With the Persona 4 characters I mentioned previously – again, going by what I’ve read about them prior to playing and not firsthand experience – I’m not sure if I should to refer to them as transgender characters necessarily, and if so, whether they’re a good representation or not. I mean, I would love to think of them as such for the sole purpose of having something to connect with while playing, but the more I look into it I’m not sure what to think – I suppose that at the least they’re characters whose existence serves to address the societal construct of gender, and their identities are made irrelevant depending upon the context you place them in.

        Naoto who is more androgynous in appearance, prefers male pronouns and tries to act very mature for his age, is essentially outed as female and revealed to have this male identity because it was the only way to be taken seriously as a detective by patriarchy … Already, I’m uncertain of how to interpret that, and then there’s the possible romance arc in which I’ve heard the player-character can persuade Naoto to dress in a more “feminine” way and the game shifts to using female pronouns for him, all the while there being hints of discomfort and the character’s identity bending to fit this new mold. It sounds creepy, in a way. Something that can be avoided by choosing not to romance Naoto, sure, but that it can even be done at all is unsettling to me.

        Kanji doesn’t appear to actually identify as female in any way, but is stuck in having behaviors and interests socially viewed as being feminine while having to hide in an external shell of machismo, lest everyone around him label him as being gay or simply weird for not being stereotypically male. Without being bent to fit in any other context, as in Naoto’s romance arc, the Kanji character struggles with what it means to be a “man” or a “woman” – something that many players interpret more as a question of sexual orientation, likely for the same reason that the fictional people of Inaba do, and because the game intentionally leaves his orientation ambiguous while his Shadow self acts stereotypically gay.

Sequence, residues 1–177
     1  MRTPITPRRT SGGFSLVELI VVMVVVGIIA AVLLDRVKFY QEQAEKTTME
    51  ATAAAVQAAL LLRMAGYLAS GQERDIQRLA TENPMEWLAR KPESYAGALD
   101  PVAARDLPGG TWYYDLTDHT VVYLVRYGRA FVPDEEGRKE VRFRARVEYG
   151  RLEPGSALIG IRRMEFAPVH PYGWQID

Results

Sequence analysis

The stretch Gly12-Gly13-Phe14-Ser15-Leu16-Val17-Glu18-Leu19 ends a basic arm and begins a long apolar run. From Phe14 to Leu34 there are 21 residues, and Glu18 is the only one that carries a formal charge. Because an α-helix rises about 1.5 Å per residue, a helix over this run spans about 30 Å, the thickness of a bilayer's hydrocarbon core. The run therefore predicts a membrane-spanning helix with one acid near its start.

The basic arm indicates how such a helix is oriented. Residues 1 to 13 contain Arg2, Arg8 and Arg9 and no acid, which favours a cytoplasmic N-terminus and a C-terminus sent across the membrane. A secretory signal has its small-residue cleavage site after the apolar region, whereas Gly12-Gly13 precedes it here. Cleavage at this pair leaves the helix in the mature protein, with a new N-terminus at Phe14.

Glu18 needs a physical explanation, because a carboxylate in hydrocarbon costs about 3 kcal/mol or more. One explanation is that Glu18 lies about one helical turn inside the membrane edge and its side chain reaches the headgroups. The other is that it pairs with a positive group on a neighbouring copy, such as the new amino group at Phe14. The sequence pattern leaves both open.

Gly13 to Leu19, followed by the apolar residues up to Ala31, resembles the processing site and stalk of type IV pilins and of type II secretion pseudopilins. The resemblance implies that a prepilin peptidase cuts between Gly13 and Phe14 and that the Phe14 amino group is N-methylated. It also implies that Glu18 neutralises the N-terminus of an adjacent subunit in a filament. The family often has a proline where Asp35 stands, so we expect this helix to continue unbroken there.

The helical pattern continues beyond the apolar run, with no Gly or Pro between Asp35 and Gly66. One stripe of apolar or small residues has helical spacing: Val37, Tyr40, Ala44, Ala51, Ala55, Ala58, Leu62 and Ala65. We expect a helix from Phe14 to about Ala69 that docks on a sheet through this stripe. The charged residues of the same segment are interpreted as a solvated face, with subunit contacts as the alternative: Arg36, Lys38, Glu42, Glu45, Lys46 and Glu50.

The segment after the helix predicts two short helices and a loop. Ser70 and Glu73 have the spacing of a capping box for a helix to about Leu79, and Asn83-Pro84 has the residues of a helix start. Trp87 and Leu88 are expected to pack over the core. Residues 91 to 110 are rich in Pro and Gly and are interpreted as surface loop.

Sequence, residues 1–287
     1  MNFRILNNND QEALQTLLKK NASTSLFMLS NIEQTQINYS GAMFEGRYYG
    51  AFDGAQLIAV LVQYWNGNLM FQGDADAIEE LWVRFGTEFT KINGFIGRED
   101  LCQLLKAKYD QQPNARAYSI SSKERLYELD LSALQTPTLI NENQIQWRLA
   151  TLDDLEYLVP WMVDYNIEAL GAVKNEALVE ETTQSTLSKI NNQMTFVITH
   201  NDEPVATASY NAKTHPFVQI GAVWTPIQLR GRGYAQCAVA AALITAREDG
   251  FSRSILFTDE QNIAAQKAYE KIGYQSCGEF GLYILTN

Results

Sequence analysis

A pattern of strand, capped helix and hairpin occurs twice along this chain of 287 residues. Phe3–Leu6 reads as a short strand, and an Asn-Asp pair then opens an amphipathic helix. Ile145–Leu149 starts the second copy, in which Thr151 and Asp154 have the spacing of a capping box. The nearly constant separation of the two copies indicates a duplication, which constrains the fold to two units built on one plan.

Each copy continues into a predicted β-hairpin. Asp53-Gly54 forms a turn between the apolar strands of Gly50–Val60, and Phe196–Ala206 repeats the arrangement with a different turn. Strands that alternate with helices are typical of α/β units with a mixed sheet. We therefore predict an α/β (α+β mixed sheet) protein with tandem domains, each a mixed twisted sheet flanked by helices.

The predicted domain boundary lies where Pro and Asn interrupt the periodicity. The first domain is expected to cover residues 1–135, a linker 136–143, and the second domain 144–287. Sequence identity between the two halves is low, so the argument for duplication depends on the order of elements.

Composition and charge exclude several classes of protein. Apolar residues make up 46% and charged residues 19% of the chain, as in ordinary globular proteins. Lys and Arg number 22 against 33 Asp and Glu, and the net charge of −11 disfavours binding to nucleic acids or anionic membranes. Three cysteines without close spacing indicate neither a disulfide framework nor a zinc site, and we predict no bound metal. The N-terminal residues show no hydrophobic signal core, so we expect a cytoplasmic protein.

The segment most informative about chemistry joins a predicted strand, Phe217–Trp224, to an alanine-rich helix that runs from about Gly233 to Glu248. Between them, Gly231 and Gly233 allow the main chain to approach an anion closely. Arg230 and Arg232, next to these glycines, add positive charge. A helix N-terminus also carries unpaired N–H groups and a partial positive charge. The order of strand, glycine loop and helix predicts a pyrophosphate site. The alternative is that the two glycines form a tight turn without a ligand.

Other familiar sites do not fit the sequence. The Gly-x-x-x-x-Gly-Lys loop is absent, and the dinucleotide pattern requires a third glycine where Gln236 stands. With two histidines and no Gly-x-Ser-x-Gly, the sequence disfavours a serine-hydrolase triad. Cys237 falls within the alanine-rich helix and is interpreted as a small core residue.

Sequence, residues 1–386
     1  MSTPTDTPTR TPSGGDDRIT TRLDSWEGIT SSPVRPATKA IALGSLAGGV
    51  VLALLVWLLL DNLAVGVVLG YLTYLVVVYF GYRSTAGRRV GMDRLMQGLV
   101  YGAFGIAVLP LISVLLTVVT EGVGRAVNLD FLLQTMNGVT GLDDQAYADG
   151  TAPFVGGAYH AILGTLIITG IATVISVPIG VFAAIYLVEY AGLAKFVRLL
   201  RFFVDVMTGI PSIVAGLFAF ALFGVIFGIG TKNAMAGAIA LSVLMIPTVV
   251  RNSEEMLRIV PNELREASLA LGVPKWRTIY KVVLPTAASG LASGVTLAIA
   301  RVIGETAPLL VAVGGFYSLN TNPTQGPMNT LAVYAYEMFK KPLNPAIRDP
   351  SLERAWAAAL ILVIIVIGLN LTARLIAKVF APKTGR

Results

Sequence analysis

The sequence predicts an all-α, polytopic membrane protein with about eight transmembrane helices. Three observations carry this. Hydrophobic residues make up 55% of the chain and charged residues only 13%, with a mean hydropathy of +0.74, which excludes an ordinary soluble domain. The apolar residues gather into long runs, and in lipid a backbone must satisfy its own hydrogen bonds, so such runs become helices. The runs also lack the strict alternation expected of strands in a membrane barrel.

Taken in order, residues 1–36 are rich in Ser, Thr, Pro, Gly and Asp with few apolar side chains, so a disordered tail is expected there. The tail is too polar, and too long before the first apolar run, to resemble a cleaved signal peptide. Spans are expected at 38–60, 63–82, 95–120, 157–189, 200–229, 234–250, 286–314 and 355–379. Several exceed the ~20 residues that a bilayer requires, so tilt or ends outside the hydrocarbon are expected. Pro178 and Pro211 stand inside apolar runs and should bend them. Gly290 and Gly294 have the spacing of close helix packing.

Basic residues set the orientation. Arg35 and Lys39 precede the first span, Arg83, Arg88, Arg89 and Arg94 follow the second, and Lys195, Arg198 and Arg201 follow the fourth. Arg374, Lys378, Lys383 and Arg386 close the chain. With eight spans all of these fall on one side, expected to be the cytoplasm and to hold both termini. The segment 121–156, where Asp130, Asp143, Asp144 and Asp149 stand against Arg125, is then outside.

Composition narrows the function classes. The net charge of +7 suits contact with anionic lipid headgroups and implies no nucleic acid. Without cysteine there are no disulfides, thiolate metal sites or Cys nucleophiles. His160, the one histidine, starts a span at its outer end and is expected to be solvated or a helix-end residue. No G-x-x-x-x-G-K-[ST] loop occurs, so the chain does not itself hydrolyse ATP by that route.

Not sure if I really described any of that in the best way, and I still need to see it all for myself before I can judge whether or not it’s handled well, but it is interesting to me that video game developers have at least attempted to do something with the topic. For right now, it seems like the best way to have a transgender character in a game is to have them be physically androgynous and then never address what they identify as, were assigned at birth, etc. To try explaining lends itself to all kinds of potential mistakes. I am curious to see if anyone will ever find a way to write a transitioning character for a game …

    • I actually have made arrangements to play the game. I don’t know how long it is but as soon as I finish it I will be writing something about it. At the very least I will be updating this post to add those two characters.

      The problem with trans characters is that TG is something that we each choose to identify as (just want to point out a distinction in case someone stumbles across this comment, the label itself is what we choose, being trans isn’t a choice). No one tells us what labels to use, so since none of the developers seem to be familiar with TG people, the characters themselves or their descriptions in manuals etc. never let us know exactly how that character identifies.